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The super-chill cryokinetic Frozone (actual name “Lucius Closest”, played by Samuel L Jackson) is one of Bob Parr’s long-time best buddies and crime-fighting sidekick to his super-strong alter persona, Mr. Incredible. In the first film, “The Incredibles,” Frozone is the main hero’s wingman and family buddy (2004). While his total involvement was limited, Frozone is the film’s only notable superhero.
His comic personality earned him a tiny fan base. He was demoted to the third act of the animated feature in the sequel (2018). Nonetheless, he played an important role in the story’s conclusion.
Marketed as Disney’s final 2D/traditionally animated film, 2009’s “The Princess and the Frog” – a musical love comedy – would ultimately be the swan song to the industry juggernaut’s decades-long reign of feature-length animated masterpieces created since 1937. The narrative is set in 1920s New Orleans and is based on the fable “The Frog Prince.”
Tiana (played by Anika Noni Rose) is an African-American waitress who aspires to create her own restaurant to fulfil her dream with her late father. When a foreign noble named Prince Naveen arrives in their town, Tiana is hired by her friend Charlotte, a White southern belle, to woo the prince into marrying Charlotte with Tiana’s excellent food.
7. The Cosby Kids & Fat Albert
“Fat Albert and the Cosby Kids,” which debuted in 1972 courtesy of the successful animation company Filmation, was the creation of millionaire comedian and TV star Bill Cosby and was based on his friends and experiences growing up in Philadelphia.
Cosby not only helped conceive the show but also made bookend appearances in each episode and provided voices for several of the characters. It was both an amusing and informative programme that focused on a group of Black adolescent males who lived in the impoverished and turbulent inner city and were portrayed as exaggerated caricatures.
8. Joe Gardner
While “The Princess and the Frog” was Disney’s first animated feature picture featuring a Black lead character, it would be another 11 years before they tried again. “Soul,” a humorous drama about a recently departed aspiring jazz pianist and music instructor named Joe Gardner, was co-created with the purchase of “Pixar” studio and released in theatres (and Disney streaming service subscribers) in 2020. (voiced by Jamie Foxx).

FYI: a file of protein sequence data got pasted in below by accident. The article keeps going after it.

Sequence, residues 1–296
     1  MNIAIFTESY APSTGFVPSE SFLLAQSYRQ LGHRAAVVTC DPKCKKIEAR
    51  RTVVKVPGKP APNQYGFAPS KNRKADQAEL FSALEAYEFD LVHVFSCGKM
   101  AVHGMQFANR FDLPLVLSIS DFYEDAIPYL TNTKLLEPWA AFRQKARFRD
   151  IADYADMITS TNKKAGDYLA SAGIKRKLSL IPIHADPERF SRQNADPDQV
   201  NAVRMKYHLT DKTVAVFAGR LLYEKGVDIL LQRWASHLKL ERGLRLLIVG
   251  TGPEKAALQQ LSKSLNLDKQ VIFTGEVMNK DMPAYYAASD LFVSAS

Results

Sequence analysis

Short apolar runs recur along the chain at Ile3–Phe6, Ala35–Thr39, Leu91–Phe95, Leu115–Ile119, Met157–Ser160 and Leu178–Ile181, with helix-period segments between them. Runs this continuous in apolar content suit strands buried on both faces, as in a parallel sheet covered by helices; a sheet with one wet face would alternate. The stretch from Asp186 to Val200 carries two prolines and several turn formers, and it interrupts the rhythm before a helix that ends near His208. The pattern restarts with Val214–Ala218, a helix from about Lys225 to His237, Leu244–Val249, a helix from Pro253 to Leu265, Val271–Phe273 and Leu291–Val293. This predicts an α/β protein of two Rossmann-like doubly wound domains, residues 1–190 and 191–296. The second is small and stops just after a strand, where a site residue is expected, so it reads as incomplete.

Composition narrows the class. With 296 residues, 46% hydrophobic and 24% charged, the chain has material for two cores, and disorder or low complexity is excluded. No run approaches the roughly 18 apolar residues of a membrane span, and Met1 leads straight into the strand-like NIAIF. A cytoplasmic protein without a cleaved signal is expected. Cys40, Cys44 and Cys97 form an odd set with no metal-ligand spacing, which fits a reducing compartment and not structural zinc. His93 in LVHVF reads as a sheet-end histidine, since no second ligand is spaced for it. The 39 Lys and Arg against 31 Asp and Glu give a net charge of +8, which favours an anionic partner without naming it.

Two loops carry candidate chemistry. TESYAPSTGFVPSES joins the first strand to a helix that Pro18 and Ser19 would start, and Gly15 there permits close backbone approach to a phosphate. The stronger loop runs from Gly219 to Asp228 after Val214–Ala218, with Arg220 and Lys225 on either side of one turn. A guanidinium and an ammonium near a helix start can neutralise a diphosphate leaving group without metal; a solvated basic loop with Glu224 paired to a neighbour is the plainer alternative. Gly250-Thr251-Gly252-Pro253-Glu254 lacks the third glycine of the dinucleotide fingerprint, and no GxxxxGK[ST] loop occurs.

After entering the “great beyond,” Joe attempts to resurrect himself to fulfil his ambition of becoming a famous jazz artist. In doing so, he becomes involved with a hesitant pre-corporal soul named “22,” who generally has a pessimistic outlook on life.
9. The Proud Family Cast
“The Proud Family,” which debuted on the Disney Channel in 2001, was an animated family sitcom that focused on the amusing exploits of Penny Proud, a 14-year-old rowdy daughter (voiced by Kyla Pratt) growing up with her family and friends.
Penny’s overprotective and hyperactive father, Oscar (voiced by Tommy Davidson), Penny’s levelheaded mother, Trudy (voiced by Paula Jai Parker), Penny’s trouble-making infant twin siblings, BeBe & CeCe (both voiced by Tara Strong), and the eccentric and sassy “Suga Mama” (voiced by Jo Marie Payton) round out the family.
Storm, sometimes known as Ororo Munroe, is one of the most well-known female black cartoon characters. Unlike her counterpart from the live-action rendition of the series, Halle Berry, who is featured in an all-black avatar, Storm is portrayed in an all-white outfit. She can manipulate the weather.